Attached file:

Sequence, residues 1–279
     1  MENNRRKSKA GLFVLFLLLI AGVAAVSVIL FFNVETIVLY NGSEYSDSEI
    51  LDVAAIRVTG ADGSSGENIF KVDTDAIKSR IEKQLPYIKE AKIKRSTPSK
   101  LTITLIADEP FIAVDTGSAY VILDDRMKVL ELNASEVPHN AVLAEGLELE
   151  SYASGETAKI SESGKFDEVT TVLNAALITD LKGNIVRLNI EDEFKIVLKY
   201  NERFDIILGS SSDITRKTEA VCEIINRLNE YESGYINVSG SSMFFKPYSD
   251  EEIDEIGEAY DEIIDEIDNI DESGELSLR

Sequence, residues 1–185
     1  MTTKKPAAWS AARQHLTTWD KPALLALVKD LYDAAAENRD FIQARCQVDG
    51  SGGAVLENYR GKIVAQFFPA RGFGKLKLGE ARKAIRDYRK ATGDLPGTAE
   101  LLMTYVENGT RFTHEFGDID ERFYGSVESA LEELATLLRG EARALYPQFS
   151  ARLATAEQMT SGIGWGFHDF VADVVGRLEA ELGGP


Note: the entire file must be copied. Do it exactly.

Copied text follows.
Sequence, residues 1–279
     1  MENNRRKSKA GLFVLFLLLI AGVAAVSVIL FFNVETIVLY NGSEYSDSEI
    51  LDVAAIRVTG ADGSSGENIF KVDTDAIKSR IEKQLPYIKE AKIKRSTPSK
   101  LTITLIADEP FIAVDTGSAY VILDDRMKVL ELNASEVPHN AVLAEGLELE
   151  SYASGETAKI SESGKFDEVT TVLNAALITD LKGNIVRLNI EDEFKIVLKY
   201  NERFDIILGS SSDITRKTEA VCEIINRLNE YESGYINVSG SSMFFKPYSD
   251  EEIDEIGEAY DEIIDEIDNI DESGELSLR

Sequence, residues 1–185
     1  MTTKKPAAWS AARQHLTTWD KPALLALVKD LYDAAAENRD FIQARCQVDG
    51  SGGAVLENYR GKIVAQFFPA RGFGKLKLGE ARKAIRDYRK ATGDLPGTAE
   101  LLMTYVENGT RFTHEFGDID ERFYGSVESA LEELATLLRG EARALYPQFS
   151  ARLATAEQMT SGIGWGFHDF VADVVGRLEA ELGGP